It’s the little details that define the unique and absorbing personality of Galaga, a space shooter directed by Shigeru Yokoyama. Here, unlike most titles of the era, each enemy makes its own sound when you hit it with a blast from your ship, giving your frenzied attempt to vanquish all the aliens an almost musical quality. The behavior of your foes—their crisscrossing fire, their doubling back once you think they’ve left the screen, their synchronized circular dives toward your ship—is practically an Olympian display of agility and misdirection. And what of your own style of shooting? Do you just frantically tap the fire button, hoping to eliminate everything in sight based on luck and aggression? Or do you methodically determine the vertical channels where you will launch bullets, catching your adversaries in the middle of their deceptive shenanigans? Popularity isn’t a valid or reliable measure of quality, but there’s a reason you’re still likely to see a Galaga machine in random spots across the country. This isn’t just another series of explosions in space, but a timeless work of art and a rip-roaring sport that almost anyone can grasp. Pressgrove

The 100 Greatest Video Games of All Time

66. Goldeneye 007 (1997)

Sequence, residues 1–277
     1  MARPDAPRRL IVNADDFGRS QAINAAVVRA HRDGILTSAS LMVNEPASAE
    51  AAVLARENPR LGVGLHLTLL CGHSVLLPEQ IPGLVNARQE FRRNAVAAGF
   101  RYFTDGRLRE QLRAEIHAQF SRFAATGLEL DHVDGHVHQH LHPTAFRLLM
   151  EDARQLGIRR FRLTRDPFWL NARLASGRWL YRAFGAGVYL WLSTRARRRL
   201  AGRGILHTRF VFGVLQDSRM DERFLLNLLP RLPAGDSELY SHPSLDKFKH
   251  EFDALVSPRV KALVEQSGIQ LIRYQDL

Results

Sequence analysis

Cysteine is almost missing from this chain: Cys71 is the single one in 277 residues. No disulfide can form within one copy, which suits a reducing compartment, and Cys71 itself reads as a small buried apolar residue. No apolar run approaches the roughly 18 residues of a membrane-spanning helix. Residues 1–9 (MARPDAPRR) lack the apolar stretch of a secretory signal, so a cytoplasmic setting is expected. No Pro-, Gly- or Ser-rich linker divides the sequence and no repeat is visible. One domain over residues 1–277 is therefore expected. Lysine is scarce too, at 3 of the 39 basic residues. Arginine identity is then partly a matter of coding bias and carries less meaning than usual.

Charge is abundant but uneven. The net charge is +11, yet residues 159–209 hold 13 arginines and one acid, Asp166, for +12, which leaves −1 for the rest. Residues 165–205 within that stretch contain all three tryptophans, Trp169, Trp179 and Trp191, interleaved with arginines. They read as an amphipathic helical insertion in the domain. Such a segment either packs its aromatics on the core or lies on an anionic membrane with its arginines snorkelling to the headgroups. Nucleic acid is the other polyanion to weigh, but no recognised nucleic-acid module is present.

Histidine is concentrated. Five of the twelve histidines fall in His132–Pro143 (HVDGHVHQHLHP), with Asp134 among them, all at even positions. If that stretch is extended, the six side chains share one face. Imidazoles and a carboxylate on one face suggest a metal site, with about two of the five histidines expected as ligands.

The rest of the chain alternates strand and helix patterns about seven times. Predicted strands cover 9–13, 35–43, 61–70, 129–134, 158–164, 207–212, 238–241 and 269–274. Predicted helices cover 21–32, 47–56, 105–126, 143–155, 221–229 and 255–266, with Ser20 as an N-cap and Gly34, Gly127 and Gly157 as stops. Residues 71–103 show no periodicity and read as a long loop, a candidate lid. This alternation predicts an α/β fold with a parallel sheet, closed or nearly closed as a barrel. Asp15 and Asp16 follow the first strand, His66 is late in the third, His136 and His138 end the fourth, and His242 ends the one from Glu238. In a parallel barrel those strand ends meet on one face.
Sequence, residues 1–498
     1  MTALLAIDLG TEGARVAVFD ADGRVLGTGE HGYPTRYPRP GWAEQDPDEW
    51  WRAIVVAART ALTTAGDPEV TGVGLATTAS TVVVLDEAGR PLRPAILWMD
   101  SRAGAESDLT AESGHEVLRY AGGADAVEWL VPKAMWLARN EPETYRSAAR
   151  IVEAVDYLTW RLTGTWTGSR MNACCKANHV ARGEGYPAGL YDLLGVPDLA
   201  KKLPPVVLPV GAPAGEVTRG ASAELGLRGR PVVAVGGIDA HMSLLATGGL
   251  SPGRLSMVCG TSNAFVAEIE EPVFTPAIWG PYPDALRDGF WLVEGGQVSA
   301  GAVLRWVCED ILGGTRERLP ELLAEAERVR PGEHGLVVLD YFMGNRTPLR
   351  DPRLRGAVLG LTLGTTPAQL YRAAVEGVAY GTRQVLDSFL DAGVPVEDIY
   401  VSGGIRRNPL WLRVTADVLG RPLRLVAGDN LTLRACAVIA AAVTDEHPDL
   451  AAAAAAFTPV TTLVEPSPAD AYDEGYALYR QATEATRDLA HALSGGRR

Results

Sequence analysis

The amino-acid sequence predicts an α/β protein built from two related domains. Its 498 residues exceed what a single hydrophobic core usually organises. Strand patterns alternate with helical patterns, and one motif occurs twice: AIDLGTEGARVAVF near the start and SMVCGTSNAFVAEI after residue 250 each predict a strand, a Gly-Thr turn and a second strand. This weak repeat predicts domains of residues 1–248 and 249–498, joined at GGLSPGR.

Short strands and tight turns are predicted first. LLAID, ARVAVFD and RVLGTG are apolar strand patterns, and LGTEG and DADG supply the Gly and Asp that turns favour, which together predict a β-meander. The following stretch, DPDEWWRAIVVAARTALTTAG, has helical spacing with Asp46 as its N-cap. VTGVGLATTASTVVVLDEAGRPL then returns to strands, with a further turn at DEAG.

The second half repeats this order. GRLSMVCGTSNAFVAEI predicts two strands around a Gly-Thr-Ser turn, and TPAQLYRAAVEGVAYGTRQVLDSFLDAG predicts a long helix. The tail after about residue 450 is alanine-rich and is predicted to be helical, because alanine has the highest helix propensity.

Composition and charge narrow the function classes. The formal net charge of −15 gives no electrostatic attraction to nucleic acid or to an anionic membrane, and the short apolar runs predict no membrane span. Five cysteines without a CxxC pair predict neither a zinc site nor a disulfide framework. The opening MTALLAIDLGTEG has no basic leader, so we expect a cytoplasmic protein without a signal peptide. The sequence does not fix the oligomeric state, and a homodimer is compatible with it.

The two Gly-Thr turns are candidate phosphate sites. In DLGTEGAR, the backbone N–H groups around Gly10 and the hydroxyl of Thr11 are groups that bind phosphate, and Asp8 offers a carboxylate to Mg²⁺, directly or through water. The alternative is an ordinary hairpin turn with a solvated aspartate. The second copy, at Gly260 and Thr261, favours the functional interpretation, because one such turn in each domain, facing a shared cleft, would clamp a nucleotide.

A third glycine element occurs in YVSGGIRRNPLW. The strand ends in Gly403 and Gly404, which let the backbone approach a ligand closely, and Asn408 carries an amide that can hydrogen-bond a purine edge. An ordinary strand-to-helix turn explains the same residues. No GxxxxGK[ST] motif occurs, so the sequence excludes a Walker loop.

Not only was Goldeneye 007 one of the rare film-to-game adaptations that worked, featuring complex level designs (and bonus objectives scaling to difficulty) that required equal measures of stealth and shooting, but it also defined an entire generation of FPS gamers with its heated four-player split-screen multiplayer. The film lasted only a few brief hours, but the experience of sitting beside three dear friends, sneakily watching their screens to get a better read on their position, and then watching as they accidentally walked into the corridor you’d just riddled with proximity mines was the sort of halcyon summer haze that memoirists dream of. Riccio

The 100 Greatest Video Games of All Time

65. Titanfall 2 (2016)

Given its predecessor’s sole emphasis on multiplayer matches, it’s almost shocking that Titanfall 2 sets such a high bar for single-player missions. The game’s focus on the creative integration of wall-running, double-jumping, sliding, shooting, and melee attacks makes even the tutorial section a blast. More importantly, this highly customizable action encourages the player to take risks that would be suicidal or impossible in everyday first-person shooters. But that’s only half the fun. Titanfall 2 ingeniously alternates between this fluid soldier-based play and weighty, deliberate mech face-offs—a juxtaposition of styles cleverly hammered home by the dialogue between the go-getter pilot and Spock-like AI of the walking machine. Everything in the campaign is designed to give you a rush, from laughably over-the-top villains to the remarkably fast burrowing through tight places to platforming sections that will make you think you’re seeing sideways. The greatness of the game’s campaign raises a controversial question in our globalized world: Who needs an internet connection or other players when the proceedings are this electrifying alone? Pressgrove